China’s Three-Year Run of Monthly Trade Surpluses Hits Surprising Wall
Mark Magnier, WALL STREET JOURNAL
China posted its first trade deficit in three years last month. The deficit is driven by higher commodity prices, an unexpected drop in exports, and the effect of the Lunar New Year holiday. February’s $9.15 billion deficit surprised analysts and market watchers, many of whom had expected China’s usual run of trade surpluses to continue. The country’s previous monthly trade gap was in February 2014, totaling nearly $23 billion.
China’s Human Rights Crackdown: A Global Problem
Benedict Rogers, THE DIPLOMAT
Last week’s attack on a BBC television crew in Hunan province, China, reveals once again the Communist Party of China’s brazen thuggery and out-of-control bullying. To physically attack a major foreign media crew, smashing their equipment, and then to force them to sign a confession is the most public example of what has been apparent for several years: Xi Jinping’s regime behaves more like gangsters than government. Yet just as the assault on the BBC helps highlight China’s aggressively repressive behavior toward anyone, Chinese or foreigner, deemed to dissent or threaten the regime’s interests, it is only the tip of the iceberg. If government-backed thugs can behave that way toward the international media, imagine how much worse it is for Chinese people.
UNPACU Leader José Daniel Ferrer released
During simultaneous operations carried out by the political police on Tuesday in six houses, several opponents of the opposition group Patriotic Union of Cuba (UNPACU) were arrested. The group’s leader, José Daniel Ferrer, was released Wednesday after being held for 24 hours. During the police operation, homes were raided and items such as laptops and food were seized. In a telephone interview with Radio Martí hours after his release, the UNPACU leader stated that he was in good health “despite the inhuman and unhygienic conditions of the cell where I was kept for 24 hours.”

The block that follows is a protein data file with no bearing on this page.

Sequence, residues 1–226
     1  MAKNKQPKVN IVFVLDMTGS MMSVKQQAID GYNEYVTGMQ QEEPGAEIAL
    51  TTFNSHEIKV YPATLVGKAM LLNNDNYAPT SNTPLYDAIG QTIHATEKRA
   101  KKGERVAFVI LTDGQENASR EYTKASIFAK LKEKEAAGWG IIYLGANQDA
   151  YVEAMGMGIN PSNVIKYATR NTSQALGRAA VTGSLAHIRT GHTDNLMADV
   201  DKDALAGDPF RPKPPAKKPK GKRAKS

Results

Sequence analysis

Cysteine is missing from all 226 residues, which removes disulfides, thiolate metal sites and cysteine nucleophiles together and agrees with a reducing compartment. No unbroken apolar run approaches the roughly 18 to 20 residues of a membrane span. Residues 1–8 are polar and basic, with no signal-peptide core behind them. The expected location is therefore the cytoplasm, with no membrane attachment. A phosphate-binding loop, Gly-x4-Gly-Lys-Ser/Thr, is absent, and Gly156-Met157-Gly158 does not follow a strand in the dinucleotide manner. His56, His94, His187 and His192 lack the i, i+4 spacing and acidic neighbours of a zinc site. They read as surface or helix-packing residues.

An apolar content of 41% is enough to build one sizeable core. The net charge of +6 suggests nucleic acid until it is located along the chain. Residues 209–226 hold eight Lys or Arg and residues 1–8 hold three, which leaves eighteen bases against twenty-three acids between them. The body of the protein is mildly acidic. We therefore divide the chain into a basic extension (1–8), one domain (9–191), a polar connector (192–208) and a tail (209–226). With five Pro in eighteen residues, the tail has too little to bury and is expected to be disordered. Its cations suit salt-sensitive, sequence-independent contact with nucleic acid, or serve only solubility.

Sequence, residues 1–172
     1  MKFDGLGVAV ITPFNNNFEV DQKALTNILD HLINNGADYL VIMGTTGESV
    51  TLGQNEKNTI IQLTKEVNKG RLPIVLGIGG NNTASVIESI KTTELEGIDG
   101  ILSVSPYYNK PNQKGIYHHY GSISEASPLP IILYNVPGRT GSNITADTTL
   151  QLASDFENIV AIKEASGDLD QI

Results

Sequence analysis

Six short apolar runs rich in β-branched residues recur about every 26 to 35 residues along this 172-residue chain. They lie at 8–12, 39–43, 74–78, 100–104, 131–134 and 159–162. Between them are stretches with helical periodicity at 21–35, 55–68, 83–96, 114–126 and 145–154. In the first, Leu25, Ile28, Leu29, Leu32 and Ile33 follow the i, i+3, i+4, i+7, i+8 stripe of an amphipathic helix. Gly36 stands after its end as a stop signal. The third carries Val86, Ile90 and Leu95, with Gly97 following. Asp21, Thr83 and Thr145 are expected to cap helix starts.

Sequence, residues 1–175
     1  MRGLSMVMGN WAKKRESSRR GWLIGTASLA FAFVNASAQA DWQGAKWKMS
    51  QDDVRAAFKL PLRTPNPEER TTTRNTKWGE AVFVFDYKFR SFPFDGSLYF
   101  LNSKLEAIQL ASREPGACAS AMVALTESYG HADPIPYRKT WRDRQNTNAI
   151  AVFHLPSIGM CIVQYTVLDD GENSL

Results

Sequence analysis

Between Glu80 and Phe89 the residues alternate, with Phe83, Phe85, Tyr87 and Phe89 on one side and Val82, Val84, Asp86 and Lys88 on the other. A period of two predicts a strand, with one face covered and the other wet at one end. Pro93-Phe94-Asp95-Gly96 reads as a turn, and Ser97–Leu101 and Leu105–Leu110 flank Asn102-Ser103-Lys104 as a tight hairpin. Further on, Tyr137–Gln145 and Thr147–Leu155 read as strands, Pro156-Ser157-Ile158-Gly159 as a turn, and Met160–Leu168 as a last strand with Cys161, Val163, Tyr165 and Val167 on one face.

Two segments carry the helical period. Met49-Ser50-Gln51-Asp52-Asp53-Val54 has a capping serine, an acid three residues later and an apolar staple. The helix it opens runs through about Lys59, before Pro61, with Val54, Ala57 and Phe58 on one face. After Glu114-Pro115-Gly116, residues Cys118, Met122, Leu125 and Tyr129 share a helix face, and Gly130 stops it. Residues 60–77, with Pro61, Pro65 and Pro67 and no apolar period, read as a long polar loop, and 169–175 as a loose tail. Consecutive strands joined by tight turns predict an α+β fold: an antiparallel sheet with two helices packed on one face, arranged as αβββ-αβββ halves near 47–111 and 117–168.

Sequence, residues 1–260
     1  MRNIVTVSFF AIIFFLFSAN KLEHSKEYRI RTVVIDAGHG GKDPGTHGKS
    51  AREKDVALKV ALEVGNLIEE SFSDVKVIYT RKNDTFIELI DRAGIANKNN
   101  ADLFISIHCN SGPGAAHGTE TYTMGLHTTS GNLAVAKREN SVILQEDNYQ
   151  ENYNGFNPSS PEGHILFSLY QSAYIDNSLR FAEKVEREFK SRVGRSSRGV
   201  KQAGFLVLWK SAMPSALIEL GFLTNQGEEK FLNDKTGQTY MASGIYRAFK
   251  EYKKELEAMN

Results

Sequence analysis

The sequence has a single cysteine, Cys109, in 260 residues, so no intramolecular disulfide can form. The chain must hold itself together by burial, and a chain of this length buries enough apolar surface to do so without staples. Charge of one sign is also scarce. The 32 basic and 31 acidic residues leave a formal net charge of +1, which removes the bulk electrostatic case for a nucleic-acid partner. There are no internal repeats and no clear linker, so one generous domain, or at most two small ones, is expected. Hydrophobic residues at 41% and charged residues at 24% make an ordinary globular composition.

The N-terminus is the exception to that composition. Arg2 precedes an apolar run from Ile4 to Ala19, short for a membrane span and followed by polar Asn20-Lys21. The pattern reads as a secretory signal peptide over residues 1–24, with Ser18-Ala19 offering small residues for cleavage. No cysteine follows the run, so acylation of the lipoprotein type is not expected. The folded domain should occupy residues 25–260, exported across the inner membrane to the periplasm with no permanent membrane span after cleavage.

North Korea Tried to Sell Nuclear-Weapon Material Last Year
Jay Solomon, WALL STREET JOURNAL
North Korea attempted to sell a form of lithium metal, a key material for developing miniaturized nuclear weapons, to unidentified international buyers last year, according to United Nations investigators tracking dictator Kim Jong-un’s weapons of mass destruction programs. The attempted sale, documented in a UN report this month, has sparked new concern in the Trump administration, Congress and the UN about the proliferation threat posed by Pyongyang’s growing nuclear and ballistic missile programs, congressional officials and nuclear weapons experts said.
Trump Administration “Underwhelmed” By Chinese Offer on North Korea
Josh Rogin, THE WASHINGTON POST
The Trump administration has no intention of taking up China on its proposal of a deal between the United States and North Korea. But behind the scenes, the White House is working to come up with an alternative approach that could be ready soon. The United States and North Korea are risking a “head-on collision,” Chinese Foreign Minister Wang Yi said Wednesday, calling on both sides to “flash the red light and apply brakes on both trains.” He proposed that the United States and South Korea halt their “Foal Eagle” military exercises in exchange for an end to nuclear and missile testing by the regime of Kim Jong-un.
Jon Huntsman is Said to Accept Post as Ambassador to Russia
Mark Landler, THE NEW YORK TIMES
Jon M. Huntsman Jr. has accepted President Trump’s offer to be ambassador to Russia, people with knowledge of the matter said on Thursday, taking on an assignment that is challenging in the best of times, and even more so now, given the questions swirling around Mr. Trump’s presidential campaign and its ties to Russian officials. Mr. Huntsman, a former Republican governor of Utah, served as President Barack Obama’s ambassador to China from 2009 to 2011.
Venezuelan Passports in Short Supply as Millions Try to Flee Troubled Nation
Andew O’Reilly, FOX NEWS
Along with basic food, medicine and even toilet paper, Venezuela now lacks the materials to meet to the soaring demand for new passports—making it almost impossible for those few Venezuelans with the monetary means of escaping the troubled Latin American nation to do so. While estimates of how many passport requests the socialist government received last year vary from between 1.8 million to 3 million, only 300,000 of the elusive documents were doled out. Everyday, hundreds of people line up outside the passport agency, known as Saime, in the capital of Caracas, in the hopes of obtaining one.